By Reggie Oliver
Linden House Theatre Company
Directed by Robin Bowditch
There are the words you say, the words you wish you had said and the enhanced version of events resulting from the imagined conversation.
This is the theme of Reggie Oliver’s 1987 comedy Imaginary Lines. At times, the format, combined with the breaking down of the fourth wall as characters address the audience directly, works well. More of the time, the device is tiresome and slows or confuses the action. But, the miscommunication and replays of conversations are apparently needed to pad the action in a script with a thin and somewhat unappealing storyline.
The central character is Wanda, a book illustrator, who tries to make her friends fit into her imagined scenarios. Involved with her and each other are: Howard, a shy bookstore owner looking for a girlfriend; Michael, a randy MP; Carol, an outspoken, unemployed teacher; and Olga, a gossip and writer of children’s books.
The Linden House Theatre Company production, directed by Robin Bowditch, delivers a group of characterizations that are true to type, but, mainly because of the one-note, single-joke nature of Oliver’s script, tend to have only one defining characteristic. Only Venetia Lawless makes her characterization as Carol rounded and interesting because she tempers anger with warmth and hope for a better outcome.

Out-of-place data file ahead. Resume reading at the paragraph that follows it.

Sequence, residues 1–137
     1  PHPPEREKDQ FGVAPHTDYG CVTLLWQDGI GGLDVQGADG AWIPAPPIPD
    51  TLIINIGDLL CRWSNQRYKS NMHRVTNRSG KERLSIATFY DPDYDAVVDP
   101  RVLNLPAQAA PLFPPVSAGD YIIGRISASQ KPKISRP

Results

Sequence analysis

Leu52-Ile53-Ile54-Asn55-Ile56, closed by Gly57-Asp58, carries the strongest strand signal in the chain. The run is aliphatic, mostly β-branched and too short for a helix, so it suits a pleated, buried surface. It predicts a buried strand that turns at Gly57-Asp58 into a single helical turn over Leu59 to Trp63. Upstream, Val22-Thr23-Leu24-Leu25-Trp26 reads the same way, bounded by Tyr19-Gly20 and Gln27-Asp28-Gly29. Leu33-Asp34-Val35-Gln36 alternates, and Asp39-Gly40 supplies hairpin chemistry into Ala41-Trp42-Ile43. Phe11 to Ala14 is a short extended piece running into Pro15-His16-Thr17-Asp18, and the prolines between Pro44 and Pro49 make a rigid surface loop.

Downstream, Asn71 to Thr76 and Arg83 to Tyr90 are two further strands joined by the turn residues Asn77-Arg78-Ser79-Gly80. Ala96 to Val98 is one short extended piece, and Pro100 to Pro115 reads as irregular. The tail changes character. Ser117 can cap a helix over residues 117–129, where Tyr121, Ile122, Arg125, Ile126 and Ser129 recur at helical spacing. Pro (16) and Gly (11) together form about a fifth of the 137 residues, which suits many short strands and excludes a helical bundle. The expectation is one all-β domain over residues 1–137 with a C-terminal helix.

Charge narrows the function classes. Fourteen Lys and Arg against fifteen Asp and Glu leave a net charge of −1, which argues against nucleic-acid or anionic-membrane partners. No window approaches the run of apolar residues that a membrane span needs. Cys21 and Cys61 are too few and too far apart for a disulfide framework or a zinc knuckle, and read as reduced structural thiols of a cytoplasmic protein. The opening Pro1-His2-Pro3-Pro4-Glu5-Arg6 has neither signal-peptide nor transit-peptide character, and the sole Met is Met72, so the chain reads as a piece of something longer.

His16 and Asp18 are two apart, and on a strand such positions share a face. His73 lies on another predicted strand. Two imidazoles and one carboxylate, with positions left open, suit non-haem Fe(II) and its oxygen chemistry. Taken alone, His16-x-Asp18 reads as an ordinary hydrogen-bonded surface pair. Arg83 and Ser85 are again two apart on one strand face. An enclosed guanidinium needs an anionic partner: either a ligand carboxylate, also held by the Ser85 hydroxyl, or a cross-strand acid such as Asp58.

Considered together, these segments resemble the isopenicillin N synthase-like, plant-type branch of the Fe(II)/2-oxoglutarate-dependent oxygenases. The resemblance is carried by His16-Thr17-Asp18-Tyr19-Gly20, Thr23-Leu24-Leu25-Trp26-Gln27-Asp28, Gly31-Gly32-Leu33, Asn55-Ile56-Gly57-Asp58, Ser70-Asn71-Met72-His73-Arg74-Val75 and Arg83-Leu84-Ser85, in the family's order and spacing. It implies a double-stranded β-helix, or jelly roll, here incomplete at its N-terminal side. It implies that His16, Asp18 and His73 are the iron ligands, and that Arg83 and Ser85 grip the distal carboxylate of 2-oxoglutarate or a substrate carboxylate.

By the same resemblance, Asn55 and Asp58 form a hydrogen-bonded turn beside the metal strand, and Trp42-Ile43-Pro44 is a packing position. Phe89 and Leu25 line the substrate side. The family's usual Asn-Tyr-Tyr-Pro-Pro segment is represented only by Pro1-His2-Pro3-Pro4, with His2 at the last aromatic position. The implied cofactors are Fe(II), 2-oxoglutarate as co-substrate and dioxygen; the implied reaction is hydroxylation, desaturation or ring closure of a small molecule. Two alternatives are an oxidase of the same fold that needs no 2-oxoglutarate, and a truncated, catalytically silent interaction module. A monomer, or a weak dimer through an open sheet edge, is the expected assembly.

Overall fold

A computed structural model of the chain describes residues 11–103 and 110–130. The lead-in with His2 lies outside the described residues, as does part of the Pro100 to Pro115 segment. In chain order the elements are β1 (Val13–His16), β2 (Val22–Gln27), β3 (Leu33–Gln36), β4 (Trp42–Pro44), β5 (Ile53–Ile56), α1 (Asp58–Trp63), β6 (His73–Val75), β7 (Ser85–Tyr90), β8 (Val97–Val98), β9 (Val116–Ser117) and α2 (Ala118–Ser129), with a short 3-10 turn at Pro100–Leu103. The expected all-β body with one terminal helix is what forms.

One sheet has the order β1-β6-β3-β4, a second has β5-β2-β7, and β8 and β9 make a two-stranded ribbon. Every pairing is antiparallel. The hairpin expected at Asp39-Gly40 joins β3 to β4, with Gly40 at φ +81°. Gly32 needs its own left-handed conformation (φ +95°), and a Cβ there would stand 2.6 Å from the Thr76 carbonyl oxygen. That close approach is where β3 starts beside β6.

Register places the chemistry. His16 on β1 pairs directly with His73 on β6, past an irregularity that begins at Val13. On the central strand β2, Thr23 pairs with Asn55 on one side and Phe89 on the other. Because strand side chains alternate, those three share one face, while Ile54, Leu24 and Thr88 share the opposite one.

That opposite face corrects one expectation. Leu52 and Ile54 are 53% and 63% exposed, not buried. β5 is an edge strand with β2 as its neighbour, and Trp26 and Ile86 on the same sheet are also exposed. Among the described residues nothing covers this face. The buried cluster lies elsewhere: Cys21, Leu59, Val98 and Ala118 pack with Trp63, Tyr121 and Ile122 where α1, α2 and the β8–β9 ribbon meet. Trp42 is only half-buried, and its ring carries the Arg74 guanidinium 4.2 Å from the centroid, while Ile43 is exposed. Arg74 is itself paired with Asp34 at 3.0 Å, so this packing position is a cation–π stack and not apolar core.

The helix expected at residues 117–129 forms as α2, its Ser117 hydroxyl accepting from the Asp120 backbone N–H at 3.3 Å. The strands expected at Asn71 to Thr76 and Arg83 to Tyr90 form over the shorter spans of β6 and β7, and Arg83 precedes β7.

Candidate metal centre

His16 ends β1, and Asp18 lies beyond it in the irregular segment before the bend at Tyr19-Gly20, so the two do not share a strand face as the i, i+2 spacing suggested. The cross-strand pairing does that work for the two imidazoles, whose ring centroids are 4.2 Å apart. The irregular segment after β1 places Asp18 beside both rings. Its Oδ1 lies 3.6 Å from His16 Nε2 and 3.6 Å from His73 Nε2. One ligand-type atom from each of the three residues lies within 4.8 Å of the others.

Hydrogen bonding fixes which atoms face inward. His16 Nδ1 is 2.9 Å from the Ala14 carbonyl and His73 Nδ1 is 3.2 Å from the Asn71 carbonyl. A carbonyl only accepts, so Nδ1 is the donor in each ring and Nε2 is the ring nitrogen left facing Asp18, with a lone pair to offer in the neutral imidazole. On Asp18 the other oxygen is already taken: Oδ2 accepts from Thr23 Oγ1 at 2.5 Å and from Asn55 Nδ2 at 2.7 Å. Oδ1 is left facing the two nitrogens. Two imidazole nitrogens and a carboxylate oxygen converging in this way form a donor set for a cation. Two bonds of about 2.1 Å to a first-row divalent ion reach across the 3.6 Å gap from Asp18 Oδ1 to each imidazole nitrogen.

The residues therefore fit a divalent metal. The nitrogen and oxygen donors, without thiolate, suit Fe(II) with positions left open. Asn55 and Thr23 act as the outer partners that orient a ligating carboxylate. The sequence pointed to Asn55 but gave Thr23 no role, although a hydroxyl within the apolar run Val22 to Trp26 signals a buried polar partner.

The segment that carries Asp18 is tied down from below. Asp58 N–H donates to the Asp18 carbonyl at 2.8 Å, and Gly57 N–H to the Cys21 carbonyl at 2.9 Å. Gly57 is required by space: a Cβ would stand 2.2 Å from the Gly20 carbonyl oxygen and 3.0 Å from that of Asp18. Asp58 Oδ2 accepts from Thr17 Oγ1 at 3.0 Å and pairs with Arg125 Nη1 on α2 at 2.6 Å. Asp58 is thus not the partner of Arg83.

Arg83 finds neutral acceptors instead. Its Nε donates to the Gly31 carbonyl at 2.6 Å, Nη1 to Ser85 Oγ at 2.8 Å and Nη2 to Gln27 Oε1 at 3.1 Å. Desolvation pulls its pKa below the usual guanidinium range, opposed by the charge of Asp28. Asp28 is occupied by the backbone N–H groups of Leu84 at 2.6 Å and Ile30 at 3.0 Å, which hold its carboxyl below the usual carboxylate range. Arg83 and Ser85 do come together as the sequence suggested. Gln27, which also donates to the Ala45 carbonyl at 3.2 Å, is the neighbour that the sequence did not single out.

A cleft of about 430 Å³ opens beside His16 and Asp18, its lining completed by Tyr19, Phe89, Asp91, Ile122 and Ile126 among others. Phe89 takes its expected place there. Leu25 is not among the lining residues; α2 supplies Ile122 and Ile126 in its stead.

Geoffrey Gruson looks and moves convincingly as the blustering and opportunistic Sir Michael but can make little more of the thinly written character. Similarly, Janet Uren has little to work with in a peripheral role. Her character’s main purpose seems to be to overhear and report an apparently incriminating conversation between Michael and Howard for future double entendres and miscommunication.
An additional problem with this is that Oliver does not establish why Michael would visit Howard’s bookstore to ask for his advice when they apparently hardly know each other. Neither does the budding romance between Howard and Carol have any foreshadowing in a script that is focused on the triple-layer conversation joke and general miscommunication.
As Howard, Kurt Shantz delivers a strong performance as the socially awkward bookseller anxious for his fantasies of romantic involvement to become reality. Meanwhile, as Wanda, Jennifer Sheffield must manipulate those who surround her, if they are to transform her imaginary lines into fact. While she appears clear about her motivation, she is not always successful either in controlling the other characters or in giving her character an aura of strength.
Imaginary Lines is confirmation that a quality script needs much more than one funny idea to make it worthwhile theatre.
The Linden House Theatre Company production of Imaginary Lines continues to November 12.
Direction and lighting: Robin Bowditch
Set: Rachel Hauraney
Costumes: Monica Browness and Jane Sadler
Sound: Bob McKellar
Mrs. Burlap……………………..Janet Uren
Sir Michael Thurston…………..Geoffrey Gruson